Updated May 2011
Campylobacter is a gram negative bacteria that can cause early embryonic death, infertility, prolonged calving season and occasional mid to late term abortion in cattle. Campylobacter fetus venerealis and C. fetus fetus are two of the common strains to cause these problems.
C. fetus can be transmitted venereally, by contaminated instruments, bedding, or with contaminated semen when artificially inseminating cows. Bulls can vary with susceptibility to become infected; some can clear the infection, while others may become permanent carriers. Generally younger bulls are more likely to clear the infection on their own, and older bulls are more likely to be the permanent carriers. Cows also vary with duration of infection some rapidly clearing the organism while some may remain carriers for longer than two years.
Cows rarely show clinical signs but may occasionally have vaginal discharge due to uterine infections. The only signs may be a large number of open cows when pregnancy checking, extended calving season duration, infertility, or some mid to late term abortions. These signs can depend on extent of infection, breeding season, and/or management practices.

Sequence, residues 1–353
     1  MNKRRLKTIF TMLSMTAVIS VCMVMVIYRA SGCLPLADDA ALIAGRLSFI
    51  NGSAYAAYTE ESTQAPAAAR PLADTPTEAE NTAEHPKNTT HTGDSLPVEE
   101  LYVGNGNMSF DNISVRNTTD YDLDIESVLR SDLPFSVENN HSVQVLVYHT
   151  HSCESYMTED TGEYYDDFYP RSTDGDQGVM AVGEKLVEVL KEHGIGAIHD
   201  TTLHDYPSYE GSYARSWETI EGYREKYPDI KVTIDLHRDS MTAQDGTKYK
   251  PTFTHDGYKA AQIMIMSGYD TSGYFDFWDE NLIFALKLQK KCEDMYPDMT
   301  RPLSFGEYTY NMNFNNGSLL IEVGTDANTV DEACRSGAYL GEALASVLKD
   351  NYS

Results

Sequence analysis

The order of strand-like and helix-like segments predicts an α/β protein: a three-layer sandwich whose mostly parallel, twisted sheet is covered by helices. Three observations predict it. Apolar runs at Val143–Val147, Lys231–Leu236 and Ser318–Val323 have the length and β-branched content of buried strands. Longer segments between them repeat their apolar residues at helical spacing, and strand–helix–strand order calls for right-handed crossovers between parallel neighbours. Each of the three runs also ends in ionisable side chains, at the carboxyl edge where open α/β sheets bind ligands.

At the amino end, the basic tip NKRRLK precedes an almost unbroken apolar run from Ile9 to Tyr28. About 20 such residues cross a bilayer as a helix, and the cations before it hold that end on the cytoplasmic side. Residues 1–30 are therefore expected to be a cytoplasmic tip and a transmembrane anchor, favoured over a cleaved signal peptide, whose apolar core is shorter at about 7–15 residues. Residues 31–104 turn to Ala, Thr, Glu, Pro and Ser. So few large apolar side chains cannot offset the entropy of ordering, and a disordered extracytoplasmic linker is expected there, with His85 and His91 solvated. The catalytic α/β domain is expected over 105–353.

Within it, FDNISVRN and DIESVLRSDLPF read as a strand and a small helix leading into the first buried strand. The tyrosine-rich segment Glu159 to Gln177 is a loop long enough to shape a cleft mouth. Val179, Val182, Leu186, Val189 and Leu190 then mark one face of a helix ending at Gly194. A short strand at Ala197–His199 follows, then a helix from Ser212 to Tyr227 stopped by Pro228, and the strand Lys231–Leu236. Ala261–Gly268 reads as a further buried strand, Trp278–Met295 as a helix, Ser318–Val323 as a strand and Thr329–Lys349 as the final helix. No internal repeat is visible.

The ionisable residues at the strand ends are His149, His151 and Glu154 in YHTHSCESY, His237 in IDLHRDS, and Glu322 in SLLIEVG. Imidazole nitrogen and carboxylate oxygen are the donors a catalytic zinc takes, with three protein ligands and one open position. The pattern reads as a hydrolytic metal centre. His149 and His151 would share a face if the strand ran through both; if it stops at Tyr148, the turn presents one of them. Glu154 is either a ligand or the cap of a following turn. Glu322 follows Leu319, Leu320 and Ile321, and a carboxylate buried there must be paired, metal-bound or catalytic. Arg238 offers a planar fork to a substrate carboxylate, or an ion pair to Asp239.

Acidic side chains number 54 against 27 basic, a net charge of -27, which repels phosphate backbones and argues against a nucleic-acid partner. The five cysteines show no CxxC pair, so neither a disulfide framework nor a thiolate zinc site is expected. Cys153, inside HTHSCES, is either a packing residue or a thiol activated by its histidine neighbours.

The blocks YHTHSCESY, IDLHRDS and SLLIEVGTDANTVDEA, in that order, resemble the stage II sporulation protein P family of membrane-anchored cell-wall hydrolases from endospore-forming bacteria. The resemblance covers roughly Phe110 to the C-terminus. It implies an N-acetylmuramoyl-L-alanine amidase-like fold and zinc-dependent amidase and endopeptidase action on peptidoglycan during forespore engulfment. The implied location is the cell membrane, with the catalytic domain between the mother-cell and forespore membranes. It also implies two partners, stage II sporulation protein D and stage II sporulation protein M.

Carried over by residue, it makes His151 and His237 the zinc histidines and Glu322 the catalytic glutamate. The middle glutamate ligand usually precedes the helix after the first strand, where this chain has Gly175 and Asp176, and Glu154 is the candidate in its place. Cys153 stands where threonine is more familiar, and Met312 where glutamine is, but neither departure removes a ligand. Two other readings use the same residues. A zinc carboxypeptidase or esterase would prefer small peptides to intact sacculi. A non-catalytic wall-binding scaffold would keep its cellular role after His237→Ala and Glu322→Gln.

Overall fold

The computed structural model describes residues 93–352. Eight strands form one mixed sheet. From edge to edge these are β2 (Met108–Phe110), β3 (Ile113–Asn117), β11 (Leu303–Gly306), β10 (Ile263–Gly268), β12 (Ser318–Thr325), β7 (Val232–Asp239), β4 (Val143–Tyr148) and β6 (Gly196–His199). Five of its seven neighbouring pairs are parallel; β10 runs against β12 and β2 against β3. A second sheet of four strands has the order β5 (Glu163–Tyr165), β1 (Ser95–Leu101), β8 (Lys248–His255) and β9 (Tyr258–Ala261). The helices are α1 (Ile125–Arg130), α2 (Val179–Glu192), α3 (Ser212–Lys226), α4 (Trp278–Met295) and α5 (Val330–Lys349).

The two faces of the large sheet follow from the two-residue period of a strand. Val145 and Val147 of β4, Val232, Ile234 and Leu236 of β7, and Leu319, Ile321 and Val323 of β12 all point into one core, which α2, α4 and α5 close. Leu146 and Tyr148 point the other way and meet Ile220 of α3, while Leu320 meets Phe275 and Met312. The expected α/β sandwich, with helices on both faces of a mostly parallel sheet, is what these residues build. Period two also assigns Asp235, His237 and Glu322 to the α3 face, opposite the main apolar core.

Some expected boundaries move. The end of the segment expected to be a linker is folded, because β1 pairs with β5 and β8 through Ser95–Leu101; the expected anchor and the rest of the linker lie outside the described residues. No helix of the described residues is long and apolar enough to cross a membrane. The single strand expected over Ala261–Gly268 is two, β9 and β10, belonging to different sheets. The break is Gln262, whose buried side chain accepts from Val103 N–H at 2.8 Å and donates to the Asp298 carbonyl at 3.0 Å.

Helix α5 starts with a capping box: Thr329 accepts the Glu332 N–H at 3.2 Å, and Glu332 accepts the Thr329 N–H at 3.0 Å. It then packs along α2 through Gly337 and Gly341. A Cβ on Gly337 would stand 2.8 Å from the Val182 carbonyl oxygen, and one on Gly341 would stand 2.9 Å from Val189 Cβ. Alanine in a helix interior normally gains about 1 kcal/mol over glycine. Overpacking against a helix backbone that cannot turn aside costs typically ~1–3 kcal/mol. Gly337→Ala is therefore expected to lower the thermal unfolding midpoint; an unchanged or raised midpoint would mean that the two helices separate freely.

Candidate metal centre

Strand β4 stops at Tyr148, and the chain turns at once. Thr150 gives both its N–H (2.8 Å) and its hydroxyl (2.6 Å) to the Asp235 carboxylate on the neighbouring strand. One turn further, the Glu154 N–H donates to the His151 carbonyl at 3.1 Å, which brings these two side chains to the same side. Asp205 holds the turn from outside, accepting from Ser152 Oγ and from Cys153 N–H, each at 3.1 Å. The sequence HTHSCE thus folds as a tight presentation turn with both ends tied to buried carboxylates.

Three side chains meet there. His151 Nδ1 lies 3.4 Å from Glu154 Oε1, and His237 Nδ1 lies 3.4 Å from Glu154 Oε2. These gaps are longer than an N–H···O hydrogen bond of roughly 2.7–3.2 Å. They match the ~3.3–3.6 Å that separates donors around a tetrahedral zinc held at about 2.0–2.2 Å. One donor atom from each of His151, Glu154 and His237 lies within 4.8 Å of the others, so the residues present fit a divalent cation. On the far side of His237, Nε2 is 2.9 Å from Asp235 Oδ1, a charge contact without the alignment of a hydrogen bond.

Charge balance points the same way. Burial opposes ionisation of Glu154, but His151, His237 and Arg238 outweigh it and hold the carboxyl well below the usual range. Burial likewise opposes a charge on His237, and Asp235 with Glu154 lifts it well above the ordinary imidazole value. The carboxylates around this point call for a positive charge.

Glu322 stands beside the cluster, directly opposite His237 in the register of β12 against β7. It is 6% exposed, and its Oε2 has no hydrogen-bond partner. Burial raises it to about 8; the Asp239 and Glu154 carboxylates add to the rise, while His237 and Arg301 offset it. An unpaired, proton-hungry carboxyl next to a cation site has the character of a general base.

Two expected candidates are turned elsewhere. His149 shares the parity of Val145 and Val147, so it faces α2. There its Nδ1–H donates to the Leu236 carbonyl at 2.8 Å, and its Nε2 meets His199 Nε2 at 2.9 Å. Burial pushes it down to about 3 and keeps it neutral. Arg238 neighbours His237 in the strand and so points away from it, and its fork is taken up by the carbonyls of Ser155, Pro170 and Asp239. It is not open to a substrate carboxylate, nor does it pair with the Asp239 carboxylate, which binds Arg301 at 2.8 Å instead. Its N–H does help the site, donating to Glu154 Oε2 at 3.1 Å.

The disease is difficult to treat, but easy to prevent. The vaccines are very efficacious. It is best to vaccinate all cows prior to the breeding season and all bulls as well (a double dose is recommended for bulls). Also using younger bulls will help decrease the problem if a herd has a history of the disease but this is typically not as cost effective as simply vaccinating. Generally speaking all beef herds should be using the vaccine. The oil base vaccines have a longer duration of immunity and allow for vaccination further away from the breeding season.